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The Victory Lap

Led by 20-year-old Wariner, U.S. sweeps men's Olympic 400 for the first time since 1988. Harris takes second and Brew third.

August 24, 2004|Mike Penner | Times Staff Writer

ATHENS — They crossed the Olympic finish line in the same order they'd managed last month at the U.S. trials in Sacramento: Jeremy Wariner followed by Otis Harris followed by Derrick Brew.

Americans swept the men's 400-meter Olympic final here Monday, draping the gold, silver and bronze in red, white and blue.

Fourth-place finisher Alleyne Francique of Grenada was impressed, zeroing in on one color in particular.

"He's the fastest white guy I've ever seen run," Francique said of Wariner.

Wariner moves extremely fast -- he completed one lap on the Olympic Stadium track in 44 seconds Monday, faster than Harris' 44.16 and Brew's 44.42. He's a special runner because of his age (only 20, barely older than Michael Phelps), his college (Baylor University, same as Michael Johnson) and his coach (Clyde Hart, same one Johnson had).

But after every race he wins, Wariner is asked to hurdle the same left-handed compliment:

So, you're pretty fast for a white guy.

"I've heard it ever since high school," Wariner said.

"I don't let it bother me," Wariner added. "As I've said before, it doesn't matter what race you are. It's your ability. It's how you run. So, I really don't let it affect the way I run."

Wariner is the first white American to win an Olympic sprint medal since Mike Larrabee of Ventura won the 400 gold in 1964, but Brew suggested that people should focus on Wariner's age, not his skin color.

"He's a great athlete, and he's only 20 years old," Brew said. "That's pretty fast for a 20-year old. That might be some kind of record....

"Race has nothing to do with it. I'm so glad when people break down stereotypes. That's one of the most important things in [our] country."

The sweep was the first in the event since the 1988 Olympics, when Americans Steve Lewis, Butch Reynolds and Danny Everett placed 1-2-3. That 16-year-old feat was on the minds of Wariner, Harris and Brew as soon as they booked their trip to Athens with their performances in Sacramento.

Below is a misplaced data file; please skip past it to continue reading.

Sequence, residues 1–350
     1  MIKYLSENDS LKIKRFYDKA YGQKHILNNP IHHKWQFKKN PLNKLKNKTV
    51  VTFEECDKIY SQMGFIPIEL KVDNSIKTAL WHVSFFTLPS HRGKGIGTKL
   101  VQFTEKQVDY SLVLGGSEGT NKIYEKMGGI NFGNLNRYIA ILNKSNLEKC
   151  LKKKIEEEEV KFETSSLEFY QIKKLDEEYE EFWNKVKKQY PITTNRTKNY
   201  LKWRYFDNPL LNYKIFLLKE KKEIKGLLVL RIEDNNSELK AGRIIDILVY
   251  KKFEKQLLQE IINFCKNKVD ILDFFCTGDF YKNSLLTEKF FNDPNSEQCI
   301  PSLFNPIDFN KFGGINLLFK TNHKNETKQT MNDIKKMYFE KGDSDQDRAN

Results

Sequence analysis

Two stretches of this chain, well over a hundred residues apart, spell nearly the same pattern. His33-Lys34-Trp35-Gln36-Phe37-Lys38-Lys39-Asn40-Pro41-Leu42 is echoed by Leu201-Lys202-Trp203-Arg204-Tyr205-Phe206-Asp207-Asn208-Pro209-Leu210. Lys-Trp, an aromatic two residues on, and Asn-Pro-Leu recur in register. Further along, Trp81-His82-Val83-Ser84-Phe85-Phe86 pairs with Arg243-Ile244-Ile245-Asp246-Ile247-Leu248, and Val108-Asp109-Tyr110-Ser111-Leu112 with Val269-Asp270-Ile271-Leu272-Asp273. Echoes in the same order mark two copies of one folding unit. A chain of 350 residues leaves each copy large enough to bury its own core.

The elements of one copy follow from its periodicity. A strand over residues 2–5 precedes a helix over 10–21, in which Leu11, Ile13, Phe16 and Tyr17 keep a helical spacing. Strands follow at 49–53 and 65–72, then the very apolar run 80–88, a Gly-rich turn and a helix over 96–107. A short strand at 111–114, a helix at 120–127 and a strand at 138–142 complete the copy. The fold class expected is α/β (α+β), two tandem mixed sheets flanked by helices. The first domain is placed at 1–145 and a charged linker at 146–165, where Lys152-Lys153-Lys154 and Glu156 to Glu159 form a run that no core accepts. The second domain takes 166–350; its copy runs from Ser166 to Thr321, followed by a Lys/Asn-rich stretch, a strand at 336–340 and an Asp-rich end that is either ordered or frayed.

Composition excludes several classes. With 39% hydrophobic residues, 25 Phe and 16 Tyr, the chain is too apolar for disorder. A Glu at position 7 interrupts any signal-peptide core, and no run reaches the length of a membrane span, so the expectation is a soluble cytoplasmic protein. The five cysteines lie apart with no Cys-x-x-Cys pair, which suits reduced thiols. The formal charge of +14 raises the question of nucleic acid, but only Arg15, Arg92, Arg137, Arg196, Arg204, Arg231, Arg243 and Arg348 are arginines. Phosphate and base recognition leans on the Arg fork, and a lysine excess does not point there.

"We knew we could go 1-2-3," Brew said. "We talked about it. We just had to get on the track and do what we do and execute."

Sweep complete, the trio also decided to stick together as they took their victory bows. Wariner, Harris and Brew conducted a subdued celebration on the track, conspicuously shy of preening and posing.

"The most important thing, other than going out and winning, is to respect your country," Harris said. "If we did sweep, we talked about being respectful to the other countries and to the spirit of the Olympics. We didn't want to do anything to disrespect our country."

During his just-completed sophomore season at Baylor, Wariner won both the NCAA indoor and outdoor 400 championships. Johnson, who is providing commentary here for the BBC, has closely followed Wariner's career and said Wariner "has the potential to be extremely consistent and have longevity."

"That's one thing I prided myself on and I think, again, the structure that is around him is designed to have that, to produce consistency and longevity.... And you can see in his demeanor he's a very thoughtful young man who's very mature and he'll make good decisions. And athletes who make good decisions, along with the talent, they have long careers."

Johnson, 400 champion at the 1996 and 2000 Olympics, listened to Wariner's post-race interview and liked how the young runner handled the race question.

"I agree with Jeremy," Johnson said. "Athletes are athletes. Obviously, you know, they're different in some kind of way because of the cultural difference or racial difference and, you know, physiological makeup. Who knows? Nobody's been able to figure that out. It's been a question for ages.

"But it's no reason to now start trying to use Jeremy as a lab rat to figure it out with him. I mean, it is what is."

Johnson was asked what he saw in Wariner that reminded him of himself.

"I don't," he replied. "I see Jeremy when I see him run. I don't see me at all. I see a great athlete who at 20 years old has come out here, won the 400 meters in the Olympics. I didn't do that at 20 years old, I didn't make an Olympic team.

"He has the ability to focus, so there are similarities. I had that same ability to focus and compartmentalize and go out there and run races. But I don't see me in him. I see Jeremy as his own person.... I think the sooner we can start identifying Jeremy as his own person with his own style [the better]."

Johnson laughed.

"He's got bigger earrings than I have, you know," he said, referring to the square-cut diamond Wariner wears in each ear. "So, he's his own guy."

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